For Profit Schools
A for profit school is controlled by the owner. It is usually in business to make money or turn a profit. Parents pay for the school's services just as though they were customers. Examples of this sort of school include Le Rosey in Switzerland, Sylvan Learning Centers, the Nobel Schools, as well as thousands of small nursery and primary schools. The school can be incorporated or a sole proprietorship or some other form of ownership.
The advantage is that the owner truly calls the shots and controls everything. If the parents do not like what is being offered, they can take their children elsewhere. Parental input may be sought and even entertained, but the final decisions and control rest with the owner.
Not For Profit Schools
Most private schools seek 501(c)(3) status from the IRS once they have incorporated. This is the non-profit status which exempts the entity from federal, state and local taxes. It also permits the school to accept contributions which are in turn tax-deductible to the extent provided by law.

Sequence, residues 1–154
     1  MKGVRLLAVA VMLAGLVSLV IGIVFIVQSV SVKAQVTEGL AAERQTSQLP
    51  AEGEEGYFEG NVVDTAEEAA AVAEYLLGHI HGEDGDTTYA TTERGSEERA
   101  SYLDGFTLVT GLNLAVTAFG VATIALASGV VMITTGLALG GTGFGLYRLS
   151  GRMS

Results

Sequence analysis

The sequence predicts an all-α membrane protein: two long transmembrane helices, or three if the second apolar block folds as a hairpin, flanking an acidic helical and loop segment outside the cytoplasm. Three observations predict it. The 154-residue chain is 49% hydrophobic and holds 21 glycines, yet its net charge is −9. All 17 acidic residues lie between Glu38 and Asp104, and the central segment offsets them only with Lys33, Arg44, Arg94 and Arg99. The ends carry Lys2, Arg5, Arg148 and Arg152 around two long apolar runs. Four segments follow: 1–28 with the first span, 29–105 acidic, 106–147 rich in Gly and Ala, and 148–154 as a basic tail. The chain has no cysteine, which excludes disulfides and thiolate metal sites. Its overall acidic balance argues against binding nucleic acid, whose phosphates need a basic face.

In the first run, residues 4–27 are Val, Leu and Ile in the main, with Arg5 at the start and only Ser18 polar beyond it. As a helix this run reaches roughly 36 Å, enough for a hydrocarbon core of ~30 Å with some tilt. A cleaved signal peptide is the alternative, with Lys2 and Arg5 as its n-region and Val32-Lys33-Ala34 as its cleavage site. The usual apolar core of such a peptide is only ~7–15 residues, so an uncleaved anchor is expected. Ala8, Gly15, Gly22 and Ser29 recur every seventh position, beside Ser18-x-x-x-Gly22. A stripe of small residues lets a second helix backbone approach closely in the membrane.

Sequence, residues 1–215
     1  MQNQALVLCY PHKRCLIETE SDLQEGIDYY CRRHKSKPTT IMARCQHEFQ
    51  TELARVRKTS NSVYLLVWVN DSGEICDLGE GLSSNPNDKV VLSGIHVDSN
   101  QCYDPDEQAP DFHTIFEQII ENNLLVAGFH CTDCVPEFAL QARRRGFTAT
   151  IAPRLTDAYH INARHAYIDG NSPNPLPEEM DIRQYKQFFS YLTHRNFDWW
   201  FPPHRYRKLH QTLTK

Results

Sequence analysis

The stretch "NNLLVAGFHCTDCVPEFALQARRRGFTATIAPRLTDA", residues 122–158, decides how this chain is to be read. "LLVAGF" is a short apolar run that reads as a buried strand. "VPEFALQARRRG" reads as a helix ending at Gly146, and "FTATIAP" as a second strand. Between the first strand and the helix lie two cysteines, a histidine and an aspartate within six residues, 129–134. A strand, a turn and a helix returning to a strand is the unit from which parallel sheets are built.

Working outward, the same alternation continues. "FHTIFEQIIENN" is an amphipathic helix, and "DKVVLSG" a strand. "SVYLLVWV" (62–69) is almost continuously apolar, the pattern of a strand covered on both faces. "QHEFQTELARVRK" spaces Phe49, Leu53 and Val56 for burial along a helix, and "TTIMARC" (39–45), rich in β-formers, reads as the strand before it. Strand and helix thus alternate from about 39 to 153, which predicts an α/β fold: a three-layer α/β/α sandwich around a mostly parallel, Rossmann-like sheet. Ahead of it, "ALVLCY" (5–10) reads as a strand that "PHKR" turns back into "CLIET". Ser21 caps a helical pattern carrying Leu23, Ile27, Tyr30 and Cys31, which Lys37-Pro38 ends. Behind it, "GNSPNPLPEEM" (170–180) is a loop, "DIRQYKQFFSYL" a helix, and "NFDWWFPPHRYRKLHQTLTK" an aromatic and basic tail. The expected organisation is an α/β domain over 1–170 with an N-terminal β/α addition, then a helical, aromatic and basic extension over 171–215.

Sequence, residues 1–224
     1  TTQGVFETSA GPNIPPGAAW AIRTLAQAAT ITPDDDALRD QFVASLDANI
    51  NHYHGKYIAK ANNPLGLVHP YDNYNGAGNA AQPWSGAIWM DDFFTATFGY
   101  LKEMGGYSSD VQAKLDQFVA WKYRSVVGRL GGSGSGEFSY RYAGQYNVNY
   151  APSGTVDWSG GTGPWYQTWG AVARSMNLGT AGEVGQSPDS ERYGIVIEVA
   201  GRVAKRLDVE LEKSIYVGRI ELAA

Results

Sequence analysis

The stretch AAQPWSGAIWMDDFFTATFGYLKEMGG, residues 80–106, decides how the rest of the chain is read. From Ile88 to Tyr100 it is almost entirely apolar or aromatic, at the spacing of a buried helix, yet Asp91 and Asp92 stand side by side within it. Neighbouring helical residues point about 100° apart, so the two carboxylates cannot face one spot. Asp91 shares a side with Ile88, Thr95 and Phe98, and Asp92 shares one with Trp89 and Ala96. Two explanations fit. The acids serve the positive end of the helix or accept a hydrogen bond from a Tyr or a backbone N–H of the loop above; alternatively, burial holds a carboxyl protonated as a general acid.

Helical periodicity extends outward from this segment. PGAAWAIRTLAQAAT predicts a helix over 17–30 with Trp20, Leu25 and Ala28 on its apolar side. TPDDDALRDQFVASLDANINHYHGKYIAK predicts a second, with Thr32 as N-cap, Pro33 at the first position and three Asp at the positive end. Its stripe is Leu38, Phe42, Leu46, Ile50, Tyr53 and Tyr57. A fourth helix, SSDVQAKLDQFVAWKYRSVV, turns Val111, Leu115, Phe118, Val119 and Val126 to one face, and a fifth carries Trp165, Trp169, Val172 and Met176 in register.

Some schools are set up so that parents own shares in the corporation. The ownership formulae vary but most seem to depend on the number of children enrolled in the school.
Most not for profit schools will have an active board of trustees. The trustees are the mechanism by which the school governed. Depending on how the charter is set up, its powers will be quite extensive. A headmaster at such a school is hired by the board of trustees. This governance mechanism allows the school to outlive its founder, and, all things being equal, last for generations. Examples of this sort of school include Kent School which was founded by Father Frederick Herbert Sill in 1906 and Exeter Academy which was founded by John Phillips in 1781.